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helpful awakening


What I discover in my early twenties is to be, at last,
a skill that will sail me on through this tattered mass of thoughts and feelings that
have grown so rigorously across the living that lives as my life.
Sitting down, feeling breath and body,
allowing attention to fall open, noticing and opening every time
a thought or feeling arises, I at last find
what I have for my whole life been searching for:
ecstatic joy and the easing of suffering.

– from the chapter Aubretia, Freedom to Blossom – An Invitation to Shine


The Medicine of Mindfulness
I now look back on my descent into my eating disorder and its ensuing depression as a gift because in that darkness I discovered the medicine in the mystery. I doubt I would have ventured mindfulness practice as rigorously as I did were my body not holding severe patterns of angst and anxiety. Now mindfulness is a touchstone for me. The breath and the body are two things we can always come back to that offer the promise of the present moment. And there is nothing as healing as being present. I invite you to try on this simple practice and really stick with it on a daily basis for a week. See how it feels and let me know!

I would like to introduce you to a simple practice that, celebrated by the recent branch of psychoneuro-immunology in the field of western medicine, has a proven track record of unlocking entrenched patterns of depression and allowing us to access that other 95% of the brain that we've only heard about.  East and west converge in a practice that has enabled us to experience the freedom that is available to all of us: mindfulness practice.

Find a blank wall and sit facing it on a cushion high enough to allow you to hold your bum while both knees are balanced like a pyramid on the floor, spine erect.  Nose over the navel, ears over the shoulders, open your peripheral vision and rest your hands comfortably on your knees.  Uncomfortable? This is not unusual.  At first, the posture may feel strange because our bodies are so accustomed to holding onto and expressing the states that are present for us in any given moment.  This folding in, however, does not have to be.  When we simply sit for half an hour and pay attention to our experiencing, we can open up the patterns that cause us to suffer.  We can stop following the thoughts that send us reeling into states of dissatisfaction and loathing and instead take the opportunity to allow attention to open and to settle evenly over the body as we feel our breath at the belly and open the eye-gaze.    Every moment that we practice, we are wearing out patterns that do not serve us.  Nowhere to go, no one to be, this freedom is what we already are and it is available the moment that we pay attention.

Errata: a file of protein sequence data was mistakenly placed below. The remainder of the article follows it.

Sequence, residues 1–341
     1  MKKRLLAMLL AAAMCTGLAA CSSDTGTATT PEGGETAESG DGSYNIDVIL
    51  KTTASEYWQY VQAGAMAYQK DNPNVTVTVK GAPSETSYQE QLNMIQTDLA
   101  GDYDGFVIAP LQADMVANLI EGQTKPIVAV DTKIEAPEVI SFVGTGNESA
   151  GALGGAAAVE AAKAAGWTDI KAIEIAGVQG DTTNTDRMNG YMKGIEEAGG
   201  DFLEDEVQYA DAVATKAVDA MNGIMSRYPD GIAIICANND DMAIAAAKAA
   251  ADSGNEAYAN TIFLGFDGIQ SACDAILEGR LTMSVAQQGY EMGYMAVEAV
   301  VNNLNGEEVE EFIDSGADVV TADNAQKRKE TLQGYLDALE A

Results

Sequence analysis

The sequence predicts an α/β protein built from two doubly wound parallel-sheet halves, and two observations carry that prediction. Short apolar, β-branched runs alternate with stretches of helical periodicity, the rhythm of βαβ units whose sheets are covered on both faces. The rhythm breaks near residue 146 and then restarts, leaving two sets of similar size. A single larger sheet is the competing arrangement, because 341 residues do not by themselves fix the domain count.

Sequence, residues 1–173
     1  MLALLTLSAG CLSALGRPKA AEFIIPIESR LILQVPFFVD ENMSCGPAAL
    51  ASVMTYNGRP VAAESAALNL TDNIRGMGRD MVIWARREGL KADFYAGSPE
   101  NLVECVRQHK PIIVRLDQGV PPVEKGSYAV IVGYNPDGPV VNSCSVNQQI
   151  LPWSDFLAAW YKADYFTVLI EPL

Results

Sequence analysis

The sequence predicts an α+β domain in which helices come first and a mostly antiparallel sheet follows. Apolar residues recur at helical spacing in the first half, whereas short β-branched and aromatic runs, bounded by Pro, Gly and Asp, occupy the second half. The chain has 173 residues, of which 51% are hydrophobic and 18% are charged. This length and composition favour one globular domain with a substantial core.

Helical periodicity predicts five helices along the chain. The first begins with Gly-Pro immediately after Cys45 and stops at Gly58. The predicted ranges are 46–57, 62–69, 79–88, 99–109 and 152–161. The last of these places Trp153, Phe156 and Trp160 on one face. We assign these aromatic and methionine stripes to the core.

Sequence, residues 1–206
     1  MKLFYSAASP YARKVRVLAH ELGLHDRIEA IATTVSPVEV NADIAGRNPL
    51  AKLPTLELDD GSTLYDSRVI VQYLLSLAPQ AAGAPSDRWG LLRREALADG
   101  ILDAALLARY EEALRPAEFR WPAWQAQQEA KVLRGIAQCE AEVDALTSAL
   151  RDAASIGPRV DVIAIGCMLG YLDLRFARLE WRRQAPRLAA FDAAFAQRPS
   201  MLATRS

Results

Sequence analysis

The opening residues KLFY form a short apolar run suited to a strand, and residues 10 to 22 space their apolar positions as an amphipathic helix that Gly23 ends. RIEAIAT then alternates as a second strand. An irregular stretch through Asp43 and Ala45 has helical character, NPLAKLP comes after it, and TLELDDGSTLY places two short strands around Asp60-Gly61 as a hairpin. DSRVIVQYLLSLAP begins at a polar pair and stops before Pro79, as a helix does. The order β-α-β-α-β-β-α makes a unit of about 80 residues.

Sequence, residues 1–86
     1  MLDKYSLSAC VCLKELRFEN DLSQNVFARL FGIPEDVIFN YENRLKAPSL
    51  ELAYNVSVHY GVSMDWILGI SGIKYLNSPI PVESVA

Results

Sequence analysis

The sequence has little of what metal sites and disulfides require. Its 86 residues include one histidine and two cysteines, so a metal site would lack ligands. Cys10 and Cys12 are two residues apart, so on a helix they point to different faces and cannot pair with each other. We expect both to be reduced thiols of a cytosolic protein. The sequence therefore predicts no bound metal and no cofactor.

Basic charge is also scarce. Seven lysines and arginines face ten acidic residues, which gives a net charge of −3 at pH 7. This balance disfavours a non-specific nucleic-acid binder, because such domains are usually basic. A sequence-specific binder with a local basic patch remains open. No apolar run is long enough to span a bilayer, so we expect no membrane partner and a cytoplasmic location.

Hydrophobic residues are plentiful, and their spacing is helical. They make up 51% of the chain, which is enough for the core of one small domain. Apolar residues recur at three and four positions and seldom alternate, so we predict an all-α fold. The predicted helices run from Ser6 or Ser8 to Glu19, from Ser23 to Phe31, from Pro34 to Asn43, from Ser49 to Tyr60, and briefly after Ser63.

For the first while, it may be challenging.  Seeing how we are, and the patterns that hurt and harm us is not comfortable.  However, by making the choice to open, we are engaging with a radical alternative to acting out patterns.  So the next time we get tied up in a knot from looking in the mirror or feel hurt by someone we thought was a friend, we can instead sit down, face the wall, and open.  The patterns aren't who we are.  They are clouds, and we, sister, are the sky. 

Eventually, as time passes, and our embodiment of this open sky deepens, our patterns lose their grasp, their significance wanes, and the clear thing to do is respond to hunger with eating, and to a full belly with simply experiencing the sensations of that full belly, as it is, before good or bad.

As with flowers, when we have the nurture that we need – ample light and water, creative expression, friendship, gratitude, and in this case, mindfulness practice, we will grow forth robust and naturally turn and face the sun.  Because we can all be free and we can all blossom into the radiance in which we arise.

Next: Soulsister